A Canadian student has made a groundbreaking discovery that could represent a major milestone in the fight against cancer.
Caitlin Miron, a PhD student in Queen’s University’s chemistry department, has identified a chemical compound that has the potential to prevent the metastasis of cancer cells. This compound, which Miron describes as a “superglue,” binds to a four-stranded DNA structure called a guanine quadruple and stops a cancerous cell from growing or spreading.
“Think of a necklace as a DNA chain and imagine beads that move freely down the chain until they hit a knot in the necklace. The beads moving down are the cell machinery that’s going to process parts of the DNA, and translate it to proteins that will have [cancerous] effects in cells and tissues,” she said in an interview with Global News.
“We’ve essentially found a superglue that keeps the ‘knots’ in place and prevents the ‘beads’ from reaching the section of DNA where they can grow and spread cancer cells.”
The discovery itself as is impressive as the potential implications – Prime Minister Justin Trudeau even tweeted about the milestone.
Incredible news in the field of cancer research this week – congratulations to the Canadian PhD student Caitlin Miron for her groundbreaking work!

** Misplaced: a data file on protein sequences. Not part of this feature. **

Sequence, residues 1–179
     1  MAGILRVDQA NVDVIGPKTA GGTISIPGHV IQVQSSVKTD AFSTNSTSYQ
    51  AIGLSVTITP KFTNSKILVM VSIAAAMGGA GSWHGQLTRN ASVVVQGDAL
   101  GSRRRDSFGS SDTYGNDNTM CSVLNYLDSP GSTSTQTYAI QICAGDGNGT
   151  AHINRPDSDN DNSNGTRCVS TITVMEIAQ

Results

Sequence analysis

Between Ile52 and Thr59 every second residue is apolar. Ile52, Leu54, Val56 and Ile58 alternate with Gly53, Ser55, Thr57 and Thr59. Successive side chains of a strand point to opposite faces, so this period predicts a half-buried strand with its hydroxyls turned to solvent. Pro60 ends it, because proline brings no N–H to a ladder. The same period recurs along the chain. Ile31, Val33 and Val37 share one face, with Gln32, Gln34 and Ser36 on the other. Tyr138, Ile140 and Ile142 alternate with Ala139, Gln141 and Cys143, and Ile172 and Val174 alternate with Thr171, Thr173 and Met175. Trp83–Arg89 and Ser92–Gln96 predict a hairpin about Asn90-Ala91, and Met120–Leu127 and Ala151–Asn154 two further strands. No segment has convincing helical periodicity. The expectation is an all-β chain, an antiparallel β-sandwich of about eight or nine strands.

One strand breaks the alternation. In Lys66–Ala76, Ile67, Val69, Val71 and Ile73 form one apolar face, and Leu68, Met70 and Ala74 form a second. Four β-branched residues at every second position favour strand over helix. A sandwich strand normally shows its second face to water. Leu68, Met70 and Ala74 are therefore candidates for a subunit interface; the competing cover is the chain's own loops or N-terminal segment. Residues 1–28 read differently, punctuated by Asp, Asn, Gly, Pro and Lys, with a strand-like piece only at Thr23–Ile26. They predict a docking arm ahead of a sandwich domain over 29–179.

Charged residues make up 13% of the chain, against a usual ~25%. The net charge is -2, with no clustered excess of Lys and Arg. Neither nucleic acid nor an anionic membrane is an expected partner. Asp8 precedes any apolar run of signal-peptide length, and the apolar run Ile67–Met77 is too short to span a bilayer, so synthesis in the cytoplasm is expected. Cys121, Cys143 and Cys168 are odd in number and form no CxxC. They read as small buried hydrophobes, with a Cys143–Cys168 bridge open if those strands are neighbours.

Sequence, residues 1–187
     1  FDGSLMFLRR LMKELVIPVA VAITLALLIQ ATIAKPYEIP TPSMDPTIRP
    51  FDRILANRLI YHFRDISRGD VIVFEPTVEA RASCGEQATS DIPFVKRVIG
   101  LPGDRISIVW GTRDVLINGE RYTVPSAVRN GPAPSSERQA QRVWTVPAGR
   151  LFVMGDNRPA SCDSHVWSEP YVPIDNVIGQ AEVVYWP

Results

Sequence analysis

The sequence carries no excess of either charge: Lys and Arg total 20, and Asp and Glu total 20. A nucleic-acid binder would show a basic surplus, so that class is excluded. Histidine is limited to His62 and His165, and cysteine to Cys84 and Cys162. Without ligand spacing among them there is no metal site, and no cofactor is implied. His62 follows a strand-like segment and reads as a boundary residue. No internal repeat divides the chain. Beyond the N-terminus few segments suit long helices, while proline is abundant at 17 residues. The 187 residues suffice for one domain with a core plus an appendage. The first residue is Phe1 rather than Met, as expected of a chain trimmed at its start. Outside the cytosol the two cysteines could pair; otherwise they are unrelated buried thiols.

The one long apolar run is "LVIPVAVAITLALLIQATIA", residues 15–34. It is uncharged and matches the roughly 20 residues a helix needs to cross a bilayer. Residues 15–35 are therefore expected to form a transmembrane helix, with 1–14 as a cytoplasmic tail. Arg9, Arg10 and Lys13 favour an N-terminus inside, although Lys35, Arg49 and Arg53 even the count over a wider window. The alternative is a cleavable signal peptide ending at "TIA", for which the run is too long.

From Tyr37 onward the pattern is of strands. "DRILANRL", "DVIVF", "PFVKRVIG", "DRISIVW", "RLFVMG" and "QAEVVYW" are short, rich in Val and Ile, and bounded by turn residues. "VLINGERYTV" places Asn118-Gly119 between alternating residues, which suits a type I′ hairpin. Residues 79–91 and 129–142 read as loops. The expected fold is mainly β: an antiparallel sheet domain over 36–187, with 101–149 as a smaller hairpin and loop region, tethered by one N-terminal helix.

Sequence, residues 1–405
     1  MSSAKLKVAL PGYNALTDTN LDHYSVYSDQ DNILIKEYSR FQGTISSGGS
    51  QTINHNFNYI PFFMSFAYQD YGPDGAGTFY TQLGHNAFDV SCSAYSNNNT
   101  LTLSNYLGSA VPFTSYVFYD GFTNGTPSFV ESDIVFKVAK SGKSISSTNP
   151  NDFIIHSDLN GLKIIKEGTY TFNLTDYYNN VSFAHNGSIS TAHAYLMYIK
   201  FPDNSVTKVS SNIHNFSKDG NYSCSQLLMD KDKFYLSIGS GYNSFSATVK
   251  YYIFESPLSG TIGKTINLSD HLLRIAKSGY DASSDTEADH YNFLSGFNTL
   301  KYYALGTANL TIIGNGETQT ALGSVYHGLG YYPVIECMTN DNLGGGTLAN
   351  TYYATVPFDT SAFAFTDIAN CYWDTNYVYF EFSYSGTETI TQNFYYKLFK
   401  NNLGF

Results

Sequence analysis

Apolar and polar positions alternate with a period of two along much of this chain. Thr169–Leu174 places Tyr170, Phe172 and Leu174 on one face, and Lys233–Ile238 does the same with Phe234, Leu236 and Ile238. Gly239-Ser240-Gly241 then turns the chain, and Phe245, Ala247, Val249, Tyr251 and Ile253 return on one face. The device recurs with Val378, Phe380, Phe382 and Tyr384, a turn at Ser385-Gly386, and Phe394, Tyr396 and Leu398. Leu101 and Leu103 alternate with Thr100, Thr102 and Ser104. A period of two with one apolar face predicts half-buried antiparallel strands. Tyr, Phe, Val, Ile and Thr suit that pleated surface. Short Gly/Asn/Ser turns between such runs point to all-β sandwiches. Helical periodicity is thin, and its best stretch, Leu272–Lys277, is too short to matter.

— Justin Trudeau (@JustinTrudeau) November 24, 2017
Scientists have apparently spent up to three decades exploring how quadruplex binders could be used as a treatment for cancer. Though some compounds have yielded encouraging results, Miron’s research has shown the most promise to date.
It’s really exciting. It’s exciting to be on the forefront of this field,” she said. “There are other quadruplex binders out there, but what we’re seeing is that ours is very high-performing.”
Mitacs, a non-profit national research organization that manages and funds research and training programs for students, has honoured Miron with the Mitacs Award for Outstanding Innovation.
It’s important to note that this progress is very much in its infancy. Miron’s research team has now filed a patent for the work, which will be formalized in about a year. As for commercial development, that stage is still five to eight years away. The team will now continue to work on using the compound to specifically target cancer cells.
With nearly half of Canadians expected to be diagnosed with cancer in their lifetime, Miron’s research couldn’t materialize fast enough.